John obeys his superior's command and destroys the Scion craft. Braddock informs him that Manson and his men survived, but they refused to obey, saying that Braddock is a traitor to the AAN. Cooke inserts a small team under his lead and destroys the base. Manson's body is found at the outskirts of the base. They also find out that Burns has escaped.
Following Scion transmissions, they locate the heart of the Scion society, a medium sized planet called the "Core" planet, which is presumed to be artificial. After establishing an outpost, Cooke follows a convoy to a hole in the crust, leading to the planet's interior. He descends, and after dispatching numerous automated defenses, destroys the central crystal, causing the planet to collapse and detonate.
Scion Alternate Ending
Instead of shooting the Scion as commanded by Braddock, Cooke orders the Tug carrying Burns to follow the Scion. After leading him through an underground tunnel, the Scion confirms that she is Shabayev. She was found by the Scions on Bane after the crash. She explains that Braddock ordered the attack on the drop ships to silence them. He had also ordered the Voyager to be shot down to prevent the AAN from detecting the ISDF base on the Dark Planet. She also reveals to John that the Scions are actually humans who have been fused together with bio-metal. At the core of the Collective are the Furies who were the former members of the Black Dog Squadron. After the uprising, they fled to the Dark Planet, then into the Scion system, where they found the Cthonian ruins on Mire and embraced their culture. Their ultimate goal is not to destroy Earth, but to bring the enlightened Cthonian culture back to humanity.
John is transformed into a Scion to better aid their cause. He is informed by Burns that the three machines that were disarmed were called alchemators, and that they did not destroy planets but rather terraformers. The Core Planet is dying, as evidenced by a large number of dead Scions found on Pluto and Dark Planet before. The Scion can only survive if they find a new planet, and the Dark Planet is the ideal candidate.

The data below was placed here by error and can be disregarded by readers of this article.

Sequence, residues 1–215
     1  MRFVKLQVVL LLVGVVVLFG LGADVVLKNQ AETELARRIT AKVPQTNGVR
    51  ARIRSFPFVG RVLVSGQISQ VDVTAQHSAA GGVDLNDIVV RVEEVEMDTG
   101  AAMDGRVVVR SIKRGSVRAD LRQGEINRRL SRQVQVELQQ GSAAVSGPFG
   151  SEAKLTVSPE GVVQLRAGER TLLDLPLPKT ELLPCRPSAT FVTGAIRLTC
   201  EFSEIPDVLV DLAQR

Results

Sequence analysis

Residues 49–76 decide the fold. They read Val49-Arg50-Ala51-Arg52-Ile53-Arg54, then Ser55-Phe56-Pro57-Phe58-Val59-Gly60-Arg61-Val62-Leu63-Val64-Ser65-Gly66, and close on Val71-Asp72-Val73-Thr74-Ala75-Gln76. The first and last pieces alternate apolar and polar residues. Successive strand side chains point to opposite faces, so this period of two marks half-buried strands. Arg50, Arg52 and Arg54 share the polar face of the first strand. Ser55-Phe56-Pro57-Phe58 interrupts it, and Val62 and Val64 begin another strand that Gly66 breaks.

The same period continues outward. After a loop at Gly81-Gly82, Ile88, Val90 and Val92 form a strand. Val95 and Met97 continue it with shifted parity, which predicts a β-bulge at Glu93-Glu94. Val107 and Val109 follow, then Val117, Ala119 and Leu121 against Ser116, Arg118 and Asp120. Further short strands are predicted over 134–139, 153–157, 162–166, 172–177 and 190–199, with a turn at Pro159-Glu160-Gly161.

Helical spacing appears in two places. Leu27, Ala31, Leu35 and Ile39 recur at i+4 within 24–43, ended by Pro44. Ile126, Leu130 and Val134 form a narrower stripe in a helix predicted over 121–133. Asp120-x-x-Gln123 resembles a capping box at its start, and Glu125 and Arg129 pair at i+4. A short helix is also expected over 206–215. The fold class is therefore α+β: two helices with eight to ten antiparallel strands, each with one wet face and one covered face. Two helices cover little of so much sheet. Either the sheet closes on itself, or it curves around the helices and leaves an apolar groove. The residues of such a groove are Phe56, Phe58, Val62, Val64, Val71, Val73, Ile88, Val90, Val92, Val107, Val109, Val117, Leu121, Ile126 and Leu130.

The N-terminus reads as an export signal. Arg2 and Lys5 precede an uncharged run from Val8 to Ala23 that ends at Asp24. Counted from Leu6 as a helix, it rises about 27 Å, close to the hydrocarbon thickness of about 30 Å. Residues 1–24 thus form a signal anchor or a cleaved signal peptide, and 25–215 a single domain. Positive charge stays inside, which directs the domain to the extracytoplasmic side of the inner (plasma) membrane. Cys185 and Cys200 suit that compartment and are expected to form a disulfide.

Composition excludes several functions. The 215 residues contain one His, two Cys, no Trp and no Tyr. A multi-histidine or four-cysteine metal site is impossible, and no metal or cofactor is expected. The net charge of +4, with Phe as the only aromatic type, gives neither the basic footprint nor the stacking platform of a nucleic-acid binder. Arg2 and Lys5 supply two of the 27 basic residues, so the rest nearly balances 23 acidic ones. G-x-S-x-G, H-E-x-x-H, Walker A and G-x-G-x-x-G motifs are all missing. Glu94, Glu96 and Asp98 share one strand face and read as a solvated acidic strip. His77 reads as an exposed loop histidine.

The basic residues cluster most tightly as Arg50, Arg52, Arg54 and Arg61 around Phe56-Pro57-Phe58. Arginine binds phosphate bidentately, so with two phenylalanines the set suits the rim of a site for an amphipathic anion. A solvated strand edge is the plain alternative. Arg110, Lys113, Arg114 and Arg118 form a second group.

A routine patrol manages to steal one of the power crystals of the three machines. Shabayev asks John to escort the Hauler towing the power crystal to a nav point where it can be carried away by a Scion dropship. When the convoy arrives at the passage, a landslide occurs, causing them to have to reroute the Hauler. Cooke investigates the other side and sees a departing Scion vehicle. After the incident, Burns requests that John find and return the last two crystals. The second crystal is stolen from a base with a clever tactic: John lures the defenders into an ambush, then shuts down the defenses with a surgical artillery strike on the power generators. When the third crystal is acquired, each is sent to their respective alchemators. However, when he brings the final crystal to Rend, his team is ambushed by a much larger force of rebels who capture the crystal.